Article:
FIGS. 6 and 7 schematically depict exposure apparatuses that utilize a DMD and that may be suitable for use in the disclosed photolithographic systems. In FIG. 6, exposure apparatus 600 includes one or more laser sources, such as UV laser diodes 610, suitable beam-shaping optics 612, and DMD 614. The DMD 614 selectively reflects light from the laser diodes in a high resolution digital format onto the photosensitive coating 620 atop the moving flexible substrate 622. The apparatus 600 may be of similar design to that of Laser Direct Imagers (LDI) currently in use to make rigid printed circuit boards. In FIG. 7, exposure apparatus 700 includes a non-laser source such as a UV LED 710 or even a mercury arc lamp (not shown). Light from such a source is homogenized using a short waveguide referred to as an integrating tunnel 712, and beam-shaping optics 714 convey the homogenized beam to a DMD 716 and from there onto the photosensitive material atop the flexible substrate 720 in an exposure sub-area 722. In some cases, the integrating tunnel 712 may be eliminated and replaced with a beam homogenizer design as described in U.S. Patent Application Publication US 2007/0153397 (Destain), “Projection System with Beam Homogenizer”, for example.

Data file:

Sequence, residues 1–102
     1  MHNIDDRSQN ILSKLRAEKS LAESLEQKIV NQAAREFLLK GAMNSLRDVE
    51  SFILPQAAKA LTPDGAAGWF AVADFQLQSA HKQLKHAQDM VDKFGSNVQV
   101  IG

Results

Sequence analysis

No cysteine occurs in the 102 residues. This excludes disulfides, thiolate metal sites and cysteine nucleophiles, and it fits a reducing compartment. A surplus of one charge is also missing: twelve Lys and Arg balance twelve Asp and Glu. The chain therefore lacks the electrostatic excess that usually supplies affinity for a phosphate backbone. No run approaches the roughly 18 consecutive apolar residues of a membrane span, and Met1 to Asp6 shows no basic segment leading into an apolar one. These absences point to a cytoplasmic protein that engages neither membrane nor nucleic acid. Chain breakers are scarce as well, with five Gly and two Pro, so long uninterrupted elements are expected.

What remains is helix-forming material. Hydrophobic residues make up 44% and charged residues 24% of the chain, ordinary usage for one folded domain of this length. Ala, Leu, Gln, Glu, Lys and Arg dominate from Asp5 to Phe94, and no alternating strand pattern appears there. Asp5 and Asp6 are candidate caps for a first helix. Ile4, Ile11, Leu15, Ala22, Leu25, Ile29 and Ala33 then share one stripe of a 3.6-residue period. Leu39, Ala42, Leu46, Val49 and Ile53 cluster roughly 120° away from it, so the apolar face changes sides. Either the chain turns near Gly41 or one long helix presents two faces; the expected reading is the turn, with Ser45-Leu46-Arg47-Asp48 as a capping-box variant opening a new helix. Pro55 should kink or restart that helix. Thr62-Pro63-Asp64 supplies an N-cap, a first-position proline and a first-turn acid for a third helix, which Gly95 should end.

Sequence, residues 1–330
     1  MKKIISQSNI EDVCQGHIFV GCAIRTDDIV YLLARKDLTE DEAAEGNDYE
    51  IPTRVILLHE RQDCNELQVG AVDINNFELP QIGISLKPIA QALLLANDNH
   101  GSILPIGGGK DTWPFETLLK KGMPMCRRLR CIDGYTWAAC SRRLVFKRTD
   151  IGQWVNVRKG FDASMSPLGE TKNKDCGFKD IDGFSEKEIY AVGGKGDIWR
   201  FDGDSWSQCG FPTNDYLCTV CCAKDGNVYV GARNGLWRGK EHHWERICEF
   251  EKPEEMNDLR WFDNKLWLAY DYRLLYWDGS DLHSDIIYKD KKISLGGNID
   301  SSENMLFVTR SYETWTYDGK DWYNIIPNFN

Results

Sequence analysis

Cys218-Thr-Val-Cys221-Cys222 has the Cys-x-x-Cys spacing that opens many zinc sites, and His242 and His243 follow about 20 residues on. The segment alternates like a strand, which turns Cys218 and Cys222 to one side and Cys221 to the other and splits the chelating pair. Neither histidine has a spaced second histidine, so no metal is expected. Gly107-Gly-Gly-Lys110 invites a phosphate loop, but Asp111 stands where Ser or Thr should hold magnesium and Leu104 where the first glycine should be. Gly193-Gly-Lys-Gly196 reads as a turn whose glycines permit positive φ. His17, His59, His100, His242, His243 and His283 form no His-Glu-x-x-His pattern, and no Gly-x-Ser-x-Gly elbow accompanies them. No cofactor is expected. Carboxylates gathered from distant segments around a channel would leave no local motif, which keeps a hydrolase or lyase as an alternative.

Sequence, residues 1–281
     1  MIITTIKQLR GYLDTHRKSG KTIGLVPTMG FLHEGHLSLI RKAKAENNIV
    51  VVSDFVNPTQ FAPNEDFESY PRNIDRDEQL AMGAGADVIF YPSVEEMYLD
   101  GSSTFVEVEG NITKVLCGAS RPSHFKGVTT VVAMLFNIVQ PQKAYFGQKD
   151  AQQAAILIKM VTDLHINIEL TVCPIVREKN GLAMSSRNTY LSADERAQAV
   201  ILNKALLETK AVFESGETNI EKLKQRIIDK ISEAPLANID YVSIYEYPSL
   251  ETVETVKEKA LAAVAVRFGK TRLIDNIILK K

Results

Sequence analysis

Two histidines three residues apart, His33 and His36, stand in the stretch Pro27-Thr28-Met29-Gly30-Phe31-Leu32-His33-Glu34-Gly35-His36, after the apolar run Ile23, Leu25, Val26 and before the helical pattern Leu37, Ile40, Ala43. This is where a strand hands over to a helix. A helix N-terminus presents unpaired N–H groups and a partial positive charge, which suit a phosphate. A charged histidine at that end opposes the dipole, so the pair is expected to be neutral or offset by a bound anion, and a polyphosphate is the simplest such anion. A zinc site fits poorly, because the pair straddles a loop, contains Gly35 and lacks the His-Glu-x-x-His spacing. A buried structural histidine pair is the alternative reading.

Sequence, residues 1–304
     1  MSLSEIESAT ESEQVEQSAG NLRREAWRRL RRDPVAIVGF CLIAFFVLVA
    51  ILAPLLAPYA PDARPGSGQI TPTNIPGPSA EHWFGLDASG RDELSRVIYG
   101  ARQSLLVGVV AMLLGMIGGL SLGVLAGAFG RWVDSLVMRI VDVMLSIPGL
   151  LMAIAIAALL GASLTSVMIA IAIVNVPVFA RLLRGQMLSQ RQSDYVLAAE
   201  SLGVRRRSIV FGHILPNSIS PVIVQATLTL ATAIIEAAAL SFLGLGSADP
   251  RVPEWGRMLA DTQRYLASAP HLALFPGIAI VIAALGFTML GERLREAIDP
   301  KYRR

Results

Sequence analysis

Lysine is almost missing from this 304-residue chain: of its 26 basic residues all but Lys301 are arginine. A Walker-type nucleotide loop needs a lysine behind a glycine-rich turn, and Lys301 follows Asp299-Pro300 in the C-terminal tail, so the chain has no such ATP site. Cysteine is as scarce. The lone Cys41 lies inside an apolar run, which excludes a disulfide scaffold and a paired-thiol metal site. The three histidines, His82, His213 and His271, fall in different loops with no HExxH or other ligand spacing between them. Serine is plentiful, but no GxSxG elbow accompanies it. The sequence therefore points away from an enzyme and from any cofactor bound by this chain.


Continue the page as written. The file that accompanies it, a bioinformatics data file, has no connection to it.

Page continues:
In still other alternative designs, the exposure apparatus may comprise one or more 1- or 2-dimensional arrays of independently addressable UV LEDs. A suitable optical system may image the LED array(s) onto the photosensitive material disposed on the web to accomplish the pattern-wise exposure.

As mentioned above, the length (down-web dimension) of the imaging area may be a function of the depth-of-focus of the image acquisition system in combination with the curvature of the web at the imaging location, and the length of the exposure area may similarly be a function of the depth-of-field of the exposure apparatus in combination with the curvature of the web at the exposing location. In particular, if the length of the relevant area (whether the imaging area of the exposure area) is expressed as “L”, and if the depth-of-focus or depth-of-field, as the case may be, is expressed as “h”, then the minimum radius of curvature of the web at the pertinent location (the imaging location or the exposure location, as appropriate) can be expressed as “r” and is related to “h” and “L” by the following equation:


r=L2/8h

This relationship can be used to calculate a minimum roller radius for systems such as that of FIG. 4, or a minimum belt radius of curvature (at the imaging location or the exposure location, as appropriate) for systems such as that of FIG. 5, for a given depth-of-focus of the image acquisition apparatus or for a given depth-of-field of the exposure apparatus.